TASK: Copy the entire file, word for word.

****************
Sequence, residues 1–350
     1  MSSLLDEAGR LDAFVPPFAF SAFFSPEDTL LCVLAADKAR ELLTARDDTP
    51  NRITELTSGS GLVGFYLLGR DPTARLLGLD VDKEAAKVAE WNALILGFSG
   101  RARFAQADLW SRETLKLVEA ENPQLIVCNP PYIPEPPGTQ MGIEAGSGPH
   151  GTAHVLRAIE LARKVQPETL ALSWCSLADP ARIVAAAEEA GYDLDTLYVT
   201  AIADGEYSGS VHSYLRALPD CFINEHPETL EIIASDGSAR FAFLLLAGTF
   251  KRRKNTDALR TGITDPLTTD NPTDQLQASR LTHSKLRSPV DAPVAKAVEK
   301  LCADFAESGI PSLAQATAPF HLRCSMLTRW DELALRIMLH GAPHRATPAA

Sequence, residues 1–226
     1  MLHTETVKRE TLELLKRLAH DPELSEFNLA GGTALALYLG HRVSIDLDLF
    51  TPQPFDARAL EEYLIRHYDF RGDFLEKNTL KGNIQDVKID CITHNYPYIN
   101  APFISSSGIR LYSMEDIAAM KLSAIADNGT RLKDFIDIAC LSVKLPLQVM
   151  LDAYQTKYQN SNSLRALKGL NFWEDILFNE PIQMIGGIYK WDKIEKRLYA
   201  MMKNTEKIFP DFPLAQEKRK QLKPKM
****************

Sequence, residues 1–350
     1  MSSLLDEAGR LDAFVPPFAF SAFFSPEDTL LCVLAADKAR ELLTARDDTP
    51  NRITELTSGS GLVGFYLLGR DPTARLLGLD VDKEAAKVAE WNALILGFSG
   101  RARFAQADLW SRETLKLVEA ENPQLIVCNP PYIPEPPGTQ MGIEAGSGPH
   151  GTAHVLRAIE LARKVQPETL ALSWCSLADP ARIVAAAEEA GYDLDTLYVT
   201  AIADGEYSGS VHSYLRALPD CFINEHPETL EIIASDGSAR FAFLLLAGTF
   251  KRRKNTDALR TGITDPLTTD NPTDQLQASR LTHSKLRSPV DAPVAKAVEK
   301  LCADFAESGI PSLAQATAPF HLRCSMLTRW DELALRIMLH GAPHRATPAA

Sequence, residues 1–226
     1  MLHTETVKRE TLELLKRLAH DPELSEFNLA GGTALALYLG HRVSIDLDLF
    51  TPQPFDARAL EEYLIRHYDF RGDFLEKNTL KGNIQDVKID CITHNYPYIN
   101  APFISSSGIR LYSMEDIAAM KLSAIADNGT RLKDFIDIAC LSVKLPLQVM
   151  LDAYQTKYQN SNSLRALKGL NFWEDILFNE PIQMIGGIYK WDKIEKRLYA
   201  MMKNTEKIFP DFPLAQEKRK QLKPKM